Discussion in 'Hardware' started by Yslen, 13 Feb 2011.
maybe it's those guys with the short cables
Just when you though it couldn't get any worse... Even What HiFi seem slightly skeptical.
My thoughts exactly. Now don't get me wrong, I am sure there are CHEAP digital cables that are crappy enough to cause a problem. In the majority of cases though, an inexpensive cable will suit your needs just fine.
There are very few situations where I would even consider spending more on an HDMI cable, and that is related to the length of the run. Even then, that only justifies spending $20 on a cable instead of $5.
I spent 15£ on a 15 meter HDMi cable for my projector, but unfortunately the shielding was so poor the the cable was unable to deliver 1080p over that distance. I then spent 40£ on a cable with better wires and shielding and it works perfectly.
So yeah, unless you have to move a signal over a long distance like me - cable quality doesn't really matter.
Best speaker cables I ever had were made from CAT5 from a 'recipe' off TNT audio. Cheap, made a difference to some crap I got from Richer Sounds.
There is a bloke called 'Russ Andrews' selling cables and other stuff, anyone who wants a laugh should go to his site and look at his wares and prices.
21 odd grand on cables.
DO IT !
Let's put that in perspective. You could buy some very nice cables for £18 and have £21.369.57 to spend on some other stuff...like a mortgage.
Digital processing of course makes a difference, we all know that, but digital cables...as long as they are shielded and of good quality, you won't have any issues...complete rip off otherwise.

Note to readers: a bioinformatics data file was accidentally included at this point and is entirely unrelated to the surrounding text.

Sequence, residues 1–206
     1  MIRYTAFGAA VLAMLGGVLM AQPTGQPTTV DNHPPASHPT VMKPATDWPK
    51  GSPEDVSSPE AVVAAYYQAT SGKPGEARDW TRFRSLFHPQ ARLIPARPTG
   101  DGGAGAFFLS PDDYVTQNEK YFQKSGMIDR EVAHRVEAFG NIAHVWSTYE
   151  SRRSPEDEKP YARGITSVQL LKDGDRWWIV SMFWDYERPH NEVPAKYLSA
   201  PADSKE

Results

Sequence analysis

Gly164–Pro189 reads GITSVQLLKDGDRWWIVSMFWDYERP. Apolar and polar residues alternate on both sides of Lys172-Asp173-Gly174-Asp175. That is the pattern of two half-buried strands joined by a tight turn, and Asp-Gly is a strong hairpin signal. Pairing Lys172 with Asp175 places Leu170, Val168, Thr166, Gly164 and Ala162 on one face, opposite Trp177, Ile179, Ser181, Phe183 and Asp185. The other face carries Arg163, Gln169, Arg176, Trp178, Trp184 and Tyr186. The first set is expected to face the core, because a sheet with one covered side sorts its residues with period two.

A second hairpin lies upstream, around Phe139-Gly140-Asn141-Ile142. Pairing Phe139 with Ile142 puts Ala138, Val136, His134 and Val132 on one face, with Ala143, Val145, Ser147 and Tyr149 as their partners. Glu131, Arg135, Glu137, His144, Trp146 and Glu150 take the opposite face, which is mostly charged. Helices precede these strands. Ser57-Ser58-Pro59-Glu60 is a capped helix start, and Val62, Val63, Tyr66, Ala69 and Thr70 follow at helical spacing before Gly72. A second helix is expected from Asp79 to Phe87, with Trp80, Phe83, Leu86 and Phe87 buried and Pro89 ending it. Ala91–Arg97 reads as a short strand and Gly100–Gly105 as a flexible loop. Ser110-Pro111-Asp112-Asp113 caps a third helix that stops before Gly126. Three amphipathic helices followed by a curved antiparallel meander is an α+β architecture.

The power cables..."expensive" cables, ie. £30, will only make a difference on a really, really awful electricity supply, according to some (not me). Cables make a difference...but anybody who falls for spending thousands on cables...truly a case of more money than sense.
In digital, the signal is either on or off. No matter how much noise is introduced by the cable, the end result is still either on or off. Power cables are even more ludicrous. If you have a nice and stable 50Hz 230V mains (for the UK), you will get nice and stable 50Hz 230V mains out of the other end, no matter what the cable. If you have choppy, 40-60Hz 200-240V mains, then no matter what the cable, you will still get that out of the other end. In fact, the worse the cable the more inductive it is, therefore dampening the signal changes. In other words, a cheaper cable is better, when using a very unstable mains connection. This is all my ideas, so I don't expect much of it to be true
Well, I think this subject has been thoroughly debated .
When I first came to the world of digital cabling, I too was stuck in the "analogue" way of thinking: higher quality cables mean better quality signals, meaning better sound/picture quality. For analogue, that still holds up. However for digital, it really is just about the build quality. I still won't buy a £5 HDMI cable, because the chances are that it'll be of really poor build quality and will break easily. Yes it'll still show a perfect picture, but only when it actually stays connected properly and doesn't fall out of the socket, fall apart, fray, etc. To be honest, £10-£20 is about the most I'd spend on digital cables. I don't want to spend £50 odd on an HDMI cable, but I don't want to spend £5 on one that I'll end up replacing frequently.
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